What if my cloud provider dies?

Written by Dom Kirby

Former MSP Owner, CyberSec Practitioner, Modern Work Pro, Evangelist, Husband & Father

December 4, 2022

This weekend has been marred by an ongoing outage at major cloud provider Rackspace that is impacting their entire Hosted Exchange offering. After a full day of being down with lackluster (to say the least) communications, Rackspace came out and admitted that they’ve experienced a security incident. Based on the amount of downtime and the fact they’ve decided to give away Microsoft licenses, it appears to be quite catastrophic.If we want to put a little icing in it, Kevin Beaumont discovered via Shodan an apparent lack of patching for #ProxyNotShell 🙉. But enough picking on them, what the hell do you do when your cloud/hosting provider simply… dies? I’m not talking about an hour of downtime, all things are pointing to this service being completely deleted.


Just because you’re in the cloud doesn’t mean you don’t need backup. I will openly recommend that every business leverage Microsoft 365 for their collaboration and security, but I’m still going to tell you to use a third-party backup! Your data needs to be in more than one place, at all times. This is a non-negotiable. If you have a solid backup, you at least have options should something like this occur.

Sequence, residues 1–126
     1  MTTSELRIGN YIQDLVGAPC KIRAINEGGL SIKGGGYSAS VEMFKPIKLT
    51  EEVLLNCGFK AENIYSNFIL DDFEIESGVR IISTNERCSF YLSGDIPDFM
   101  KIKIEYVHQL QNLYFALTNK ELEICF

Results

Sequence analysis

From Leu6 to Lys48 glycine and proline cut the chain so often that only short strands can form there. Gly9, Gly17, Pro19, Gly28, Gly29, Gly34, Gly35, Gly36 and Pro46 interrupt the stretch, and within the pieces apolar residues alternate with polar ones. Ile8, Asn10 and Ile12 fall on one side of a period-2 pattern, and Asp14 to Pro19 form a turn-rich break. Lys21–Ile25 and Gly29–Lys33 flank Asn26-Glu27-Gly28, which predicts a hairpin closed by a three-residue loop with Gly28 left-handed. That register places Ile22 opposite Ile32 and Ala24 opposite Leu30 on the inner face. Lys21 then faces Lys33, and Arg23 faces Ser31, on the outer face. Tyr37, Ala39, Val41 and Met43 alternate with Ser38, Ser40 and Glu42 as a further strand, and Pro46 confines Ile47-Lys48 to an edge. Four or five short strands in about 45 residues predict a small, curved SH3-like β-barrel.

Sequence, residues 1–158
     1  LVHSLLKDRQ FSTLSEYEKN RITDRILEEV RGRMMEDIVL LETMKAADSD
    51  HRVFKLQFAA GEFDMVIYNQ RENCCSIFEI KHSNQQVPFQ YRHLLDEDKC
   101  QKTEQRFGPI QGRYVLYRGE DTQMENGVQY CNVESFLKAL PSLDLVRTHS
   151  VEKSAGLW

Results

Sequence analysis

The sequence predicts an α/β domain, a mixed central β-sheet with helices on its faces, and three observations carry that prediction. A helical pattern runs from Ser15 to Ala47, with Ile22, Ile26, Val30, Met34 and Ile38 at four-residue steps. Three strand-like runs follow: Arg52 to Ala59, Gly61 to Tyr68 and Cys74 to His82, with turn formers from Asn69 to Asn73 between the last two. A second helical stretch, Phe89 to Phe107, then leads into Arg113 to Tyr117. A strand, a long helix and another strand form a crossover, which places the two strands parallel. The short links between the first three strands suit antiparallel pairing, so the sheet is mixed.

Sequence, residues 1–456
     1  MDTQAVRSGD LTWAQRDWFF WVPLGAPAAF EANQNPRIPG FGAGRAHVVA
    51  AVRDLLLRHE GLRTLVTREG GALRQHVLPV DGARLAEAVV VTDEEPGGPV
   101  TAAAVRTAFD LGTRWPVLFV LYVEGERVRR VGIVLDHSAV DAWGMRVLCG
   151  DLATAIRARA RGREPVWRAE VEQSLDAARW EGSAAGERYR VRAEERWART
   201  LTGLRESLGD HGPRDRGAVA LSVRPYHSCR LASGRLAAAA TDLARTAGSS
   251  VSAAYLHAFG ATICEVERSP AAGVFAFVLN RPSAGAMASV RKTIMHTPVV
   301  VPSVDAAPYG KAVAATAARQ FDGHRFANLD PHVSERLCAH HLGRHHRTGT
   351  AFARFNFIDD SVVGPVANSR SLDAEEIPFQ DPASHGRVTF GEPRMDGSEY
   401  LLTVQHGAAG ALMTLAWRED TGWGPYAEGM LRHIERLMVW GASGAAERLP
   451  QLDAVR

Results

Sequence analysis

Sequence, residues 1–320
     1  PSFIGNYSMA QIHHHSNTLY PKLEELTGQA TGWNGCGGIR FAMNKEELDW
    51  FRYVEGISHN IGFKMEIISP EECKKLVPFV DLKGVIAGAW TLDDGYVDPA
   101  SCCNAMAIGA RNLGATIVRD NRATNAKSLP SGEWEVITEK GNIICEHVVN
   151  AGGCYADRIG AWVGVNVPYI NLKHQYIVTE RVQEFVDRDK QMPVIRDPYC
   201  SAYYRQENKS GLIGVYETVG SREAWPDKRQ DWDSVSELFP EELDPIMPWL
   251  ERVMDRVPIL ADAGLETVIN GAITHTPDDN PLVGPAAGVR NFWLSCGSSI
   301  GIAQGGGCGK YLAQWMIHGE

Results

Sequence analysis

Check your Incident Response Plan

We talk about all kinds of things in our IR plans. Ransomware, phishing, even fires. One thing we often miss is this exact scenario. What if a critical, long-term outage with our host impacts our ability to function? Now is an excellent time to revisit and add this in. You’ll want to add the following components:

  • What critical things exist in this cloud provider (email in the case of Rackspace)?
  • How are we backing it up? How do we restore it?
  • How much downtime can the company survive?
  • How much downtime do we tolerate before we enact our disaster recovery process?
  • What is our backup provider going to be?
  • How are we going to get critical data into that backup provider?
  • How are we going to get our users up and running?

Those key points should get your started, answer each of those questions and then test your process. Another key consideration is communication. If we primarily communicate over a service provided by this cloud provider, how do we, the admins and security responders, communicate when that isn’t an option. Signal can provide a great alternative for encrypted comms, and Slack for regular comms. Write this down and practice it! Make sure these methods are truly out of band (not reliant on said cloud provider in order to access).

This is Rare, but must be Considered

I want to be clear, an incident on this scale on a mature cloud provider like Microsoft or Google is incredibly rare. You’re DR planning for a major scenario, but you still need to plan for it. Just in case.

Time to modernize!

If you’re on legacy tech like traditional Hosted Exchange, it’s time to consider a move. The Exchange Servers in M365 are not like the Exchange Servers ran by Rackspace and other Hosted Exchange providers. They are built for the fabric. Consider this a signal to move to a modern, cloud-native solution like Microsoft 365 or Google Workspace.

As this unfolds, I plan to follow it further and will share thoughts on the Rackspace incident in particular. The first thing to do is take action!

If you’re a small business owner that’s impacting and looking for somewhere to turn, I can help. I know plenty of companies I can refer you to for help, reach out to me on LinkedIn.

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